Support root on software raid in UEFI mode

[converted into LP#1849166]

Although /boot and / on mdraids pose no problem for grub, /boot/efi must be on a simple partition. This effectively makes UEFI and mdraid incompatible for root devices, because the loss of the “wrong” device would make the machine unbootable.

Some workarounds exist, but I’m not aware of a canonical solution to this problem.

I think maas should evaluate possible workarounds and implement one of them if believed to be solid enough, or at the very least try to prevent users from shooting themselves in the foot by being very clear that the combination / on mdraid and EFI booting is not recommended.

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Copied my respond from LP:1849166

This is an issue for all operating systems no matter how they are installed, not just Ubuntu on MAAS.

On Linux systems the files in /boot/efi come from two packages, shim and grub. On Ubuntu these packages place their files in /usr/lib and grub-install moves them into /boot/efi. Under RHEL/CentOS shim and grub place their files in /boot/efi. Even if MAAS/Curtin copies these files the installed operating system has to have a way to keep the second copy insync when shim and grub are updated.

While the solution[1] above states “Luckily my UEFI boots without NVRAM entries, and I can disable the NVRAM writing via the “Update NVRAM variables to automatically boot into Debian?” debconf prompt when running: dpkg-reconfigure -p low grub-efi-amd64” we can’t rely on that. We need to ensure that EFI entries are properly set for both the primary and secondary /boot/efi locations.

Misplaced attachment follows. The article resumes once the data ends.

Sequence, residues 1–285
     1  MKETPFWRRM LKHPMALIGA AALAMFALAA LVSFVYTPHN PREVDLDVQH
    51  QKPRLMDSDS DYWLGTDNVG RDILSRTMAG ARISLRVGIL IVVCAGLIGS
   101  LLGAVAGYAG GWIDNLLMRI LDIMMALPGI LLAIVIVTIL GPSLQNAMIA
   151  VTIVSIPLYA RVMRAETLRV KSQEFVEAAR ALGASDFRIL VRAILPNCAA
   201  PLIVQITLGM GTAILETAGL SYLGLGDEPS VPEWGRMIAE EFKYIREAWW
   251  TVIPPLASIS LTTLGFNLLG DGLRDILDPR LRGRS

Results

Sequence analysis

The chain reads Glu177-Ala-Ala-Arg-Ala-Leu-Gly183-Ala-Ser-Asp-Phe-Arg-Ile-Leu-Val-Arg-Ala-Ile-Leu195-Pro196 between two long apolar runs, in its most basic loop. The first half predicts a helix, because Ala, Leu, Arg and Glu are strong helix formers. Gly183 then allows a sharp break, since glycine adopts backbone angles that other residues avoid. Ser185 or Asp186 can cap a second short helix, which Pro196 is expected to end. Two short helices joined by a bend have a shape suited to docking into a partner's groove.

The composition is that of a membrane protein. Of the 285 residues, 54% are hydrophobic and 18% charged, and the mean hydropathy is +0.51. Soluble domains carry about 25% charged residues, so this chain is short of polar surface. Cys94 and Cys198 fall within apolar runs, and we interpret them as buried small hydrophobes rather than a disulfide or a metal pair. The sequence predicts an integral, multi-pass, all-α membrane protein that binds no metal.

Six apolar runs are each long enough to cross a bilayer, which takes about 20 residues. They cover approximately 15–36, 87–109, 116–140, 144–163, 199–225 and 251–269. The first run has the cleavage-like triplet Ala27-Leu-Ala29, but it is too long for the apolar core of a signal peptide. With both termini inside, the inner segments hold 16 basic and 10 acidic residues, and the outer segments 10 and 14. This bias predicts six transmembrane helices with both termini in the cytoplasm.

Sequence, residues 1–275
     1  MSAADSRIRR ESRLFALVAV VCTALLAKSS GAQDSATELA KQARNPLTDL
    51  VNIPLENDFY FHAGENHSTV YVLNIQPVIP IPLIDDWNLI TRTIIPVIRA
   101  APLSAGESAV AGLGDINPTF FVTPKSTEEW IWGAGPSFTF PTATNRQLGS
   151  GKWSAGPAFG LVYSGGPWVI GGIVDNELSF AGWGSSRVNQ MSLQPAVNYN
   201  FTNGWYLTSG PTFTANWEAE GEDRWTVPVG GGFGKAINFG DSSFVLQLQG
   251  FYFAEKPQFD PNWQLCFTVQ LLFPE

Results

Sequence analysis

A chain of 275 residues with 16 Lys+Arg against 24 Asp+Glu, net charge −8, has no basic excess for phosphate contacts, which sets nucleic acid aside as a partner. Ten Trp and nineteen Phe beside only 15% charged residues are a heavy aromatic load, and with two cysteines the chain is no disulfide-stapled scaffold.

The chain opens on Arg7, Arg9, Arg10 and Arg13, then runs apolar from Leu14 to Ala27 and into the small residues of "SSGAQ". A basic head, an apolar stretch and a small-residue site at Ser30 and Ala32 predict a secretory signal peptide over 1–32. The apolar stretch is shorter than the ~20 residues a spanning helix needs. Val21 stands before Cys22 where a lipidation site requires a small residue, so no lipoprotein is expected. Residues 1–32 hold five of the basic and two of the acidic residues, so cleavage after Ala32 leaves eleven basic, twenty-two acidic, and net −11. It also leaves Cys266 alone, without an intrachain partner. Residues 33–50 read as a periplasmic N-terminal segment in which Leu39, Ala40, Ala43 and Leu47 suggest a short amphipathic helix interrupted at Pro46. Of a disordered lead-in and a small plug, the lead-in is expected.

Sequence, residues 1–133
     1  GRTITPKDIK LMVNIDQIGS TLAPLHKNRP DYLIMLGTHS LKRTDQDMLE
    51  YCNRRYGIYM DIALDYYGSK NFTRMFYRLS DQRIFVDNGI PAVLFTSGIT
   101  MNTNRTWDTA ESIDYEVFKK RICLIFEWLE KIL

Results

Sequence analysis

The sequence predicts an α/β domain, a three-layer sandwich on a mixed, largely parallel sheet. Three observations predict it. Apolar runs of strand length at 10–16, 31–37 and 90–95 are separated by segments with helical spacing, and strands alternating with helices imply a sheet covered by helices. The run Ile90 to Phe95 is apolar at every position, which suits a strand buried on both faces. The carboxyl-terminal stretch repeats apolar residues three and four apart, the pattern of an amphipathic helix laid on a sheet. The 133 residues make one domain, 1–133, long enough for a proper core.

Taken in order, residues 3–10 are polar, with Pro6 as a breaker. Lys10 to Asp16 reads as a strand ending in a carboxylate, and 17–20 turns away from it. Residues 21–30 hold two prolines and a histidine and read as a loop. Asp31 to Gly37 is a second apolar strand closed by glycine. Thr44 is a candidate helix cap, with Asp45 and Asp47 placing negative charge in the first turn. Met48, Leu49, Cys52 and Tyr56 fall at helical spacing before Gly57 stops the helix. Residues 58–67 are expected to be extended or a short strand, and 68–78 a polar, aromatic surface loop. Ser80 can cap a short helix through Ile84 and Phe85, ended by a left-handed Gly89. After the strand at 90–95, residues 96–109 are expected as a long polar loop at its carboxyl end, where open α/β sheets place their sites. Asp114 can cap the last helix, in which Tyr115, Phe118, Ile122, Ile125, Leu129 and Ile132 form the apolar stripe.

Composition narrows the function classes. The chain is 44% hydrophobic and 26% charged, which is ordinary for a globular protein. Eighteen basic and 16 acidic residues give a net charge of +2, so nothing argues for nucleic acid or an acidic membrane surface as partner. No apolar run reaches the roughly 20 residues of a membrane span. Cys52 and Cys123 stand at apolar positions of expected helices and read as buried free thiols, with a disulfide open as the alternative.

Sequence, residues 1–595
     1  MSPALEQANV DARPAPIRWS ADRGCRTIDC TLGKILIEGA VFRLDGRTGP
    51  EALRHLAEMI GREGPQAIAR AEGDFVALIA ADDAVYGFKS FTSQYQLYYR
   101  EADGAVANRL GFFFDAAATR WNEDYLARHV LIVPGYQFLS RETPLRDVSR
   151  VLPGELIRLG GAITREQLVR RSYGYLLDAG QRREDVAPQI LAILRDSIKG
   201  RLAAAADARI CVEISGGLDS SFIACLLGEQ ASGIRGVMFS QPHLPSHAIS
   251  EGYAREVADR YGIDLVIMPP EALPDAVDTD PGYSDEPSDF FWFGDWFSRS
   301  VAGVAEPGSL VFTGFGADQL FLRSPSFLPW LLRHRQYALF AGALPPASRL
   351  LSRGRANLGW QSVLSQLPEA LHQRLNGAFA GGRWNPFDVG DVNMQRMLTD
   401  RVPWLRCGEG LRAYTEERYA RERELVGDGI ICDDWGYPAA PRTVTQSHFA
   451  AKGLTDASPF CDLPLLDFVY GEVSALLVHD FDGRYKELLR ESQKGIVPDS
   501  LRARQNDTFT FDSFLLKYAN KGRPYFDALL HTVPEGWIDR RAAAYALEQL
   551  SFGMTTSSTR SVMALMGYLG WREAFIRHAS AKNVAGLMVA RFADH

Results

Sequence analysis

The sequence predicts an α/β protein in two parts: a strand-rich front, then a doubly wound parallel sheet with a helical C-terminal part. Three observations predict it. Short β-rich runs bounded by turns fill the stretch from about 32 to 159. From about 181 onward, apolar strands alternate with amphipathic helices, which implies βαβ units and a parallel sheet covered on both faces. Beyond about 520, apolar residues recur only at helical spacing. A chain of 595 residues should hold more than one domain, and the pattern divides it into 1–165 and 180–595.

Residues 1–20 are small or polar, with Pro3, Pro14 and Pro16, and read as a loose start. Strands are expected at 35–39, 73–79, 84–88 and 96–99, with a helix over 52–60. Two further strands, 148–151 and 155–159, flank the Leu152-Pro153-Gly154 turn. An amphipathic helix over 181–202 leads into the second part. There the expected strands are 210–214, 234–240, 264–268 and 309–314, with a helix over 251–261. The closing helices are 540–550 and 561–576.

Ubuntu always uses grub-install to install the shim and grub into /boot/efi. We could look into patching grub to allow the installation to target multiple paths. MAAS/Curtin would just have to create the mount points and add them to /etc/default/grub.

That being said I think this needs a larger cross team discussion so we can at least solve this for however Ubuntu is installed.


I just stumbled over this issue as well.

for each individual NVMe drive in a RAID10 i did the following as a post-install routine in ansible:

  • mount first (EFI system) partition on /boot/efi
  • ensure first (EFI system) partition has boot flag set: parted {{ disk }} set 1 boot on
  • grub-install --bootloader-id ubuntu{{ my_idx + 1 }} {{ disk }}
  • copy previously generated backup of /boot/efi/EFI/ubuntu to same location in order to work around
  • unmount EFI system partition

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